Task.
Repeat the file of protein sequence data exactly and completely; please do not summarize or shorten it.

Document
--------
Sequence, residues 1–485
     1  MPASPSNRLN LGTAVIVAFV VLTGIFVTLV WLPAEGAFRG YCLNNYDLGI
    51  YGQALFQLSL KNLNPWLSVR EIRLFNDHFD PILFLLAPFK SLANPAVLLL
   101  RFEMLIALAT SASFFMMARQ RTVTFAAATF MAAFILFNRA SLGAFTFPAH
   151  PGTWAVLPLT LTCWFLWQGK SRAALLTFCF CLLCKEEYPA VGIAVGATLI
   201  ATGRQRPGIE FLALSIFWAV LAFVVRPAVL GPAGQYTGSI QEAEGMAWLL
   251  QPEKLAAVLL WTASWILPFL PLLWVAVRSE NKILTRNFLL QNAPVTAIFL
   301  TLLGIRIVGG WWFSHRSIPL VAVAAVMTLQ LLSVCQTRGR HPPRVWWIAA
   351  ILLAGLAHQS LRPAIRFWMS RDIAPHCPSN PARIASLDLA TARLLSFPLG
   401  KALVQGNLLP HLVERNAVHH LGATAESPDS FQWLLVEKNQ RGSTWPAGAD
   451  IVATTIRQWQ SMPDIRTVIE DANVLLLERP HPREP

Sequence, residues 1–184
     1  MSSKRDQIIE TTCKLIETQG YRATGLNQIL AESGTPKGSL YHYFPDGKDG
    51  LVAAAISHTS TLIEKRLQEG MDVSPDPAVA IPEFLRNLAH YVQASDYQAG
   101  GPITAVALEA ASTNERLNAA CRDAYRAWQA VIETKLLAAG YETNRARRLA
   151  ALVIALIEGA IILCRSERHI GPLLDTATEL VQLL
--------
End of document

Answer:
Sequence, residues 1–485
     1  MPASPSNRLN LGTAVIVAFV VLTGIFVTLV WLPAEGAFRG YCLNNYDLGI
    51  YGQALFQLSL KNLNPWLSVR EIRLFNDHFD PILFLLAPFK SLANPAVLLL
   101  RFEMLIALAT SASFFMMARQ RTVTFAAATF MAAFILFNRA SLGAFTFPAH
   151  PGTWAVLPLT LTCWFLWQGK SRAALLTFCF CLLCKEEYPA VGIAVGATLI
   201  ATGRQRPGIE FLALSIFWAV LAFVVRPAVL GPAGQYTGSI QEAEGMAWLL
   251  QPEKLAAVLL WTASWILPFL PLLWVAVRSE NKILTRNFLL QNAPVTAIFL
   301  TLLGIRIVGG WWFSHRSIPL VAVAAVMTLQ LLSVCQTRGR HPPRVWWIAA
   351  ILLAGLAHQS LRPAIRFWMS RDIAPHCPSN PARIASLDLA TARLLSFPLG
   401  KALVQGNLLP HLVERNAVHH LGATAESPDS FQWLLVEKNQ RGSTWPAGAD
   451  IVATTIRQWQ SMPDIRTVIE DANVLLLERP HPREP

Sequence, residues 1–184
     1  MSSKRDQIIE TTCKLIETQG YRATGLNQIL AESGTPKGSL YHYFPDGKDG
    51  LVAAAISHTS TLIEKRLQEG MDVSPDPAVA IPEFLRNLAH YVQASDYQAG
   101  GPITAVALEA ASTNERLNAA CRDAYRAWQA VIETKLLAAG YETNRARRLA
   151  ALVIALIEGA IILCRSERHI GPLLDTATEL VQLL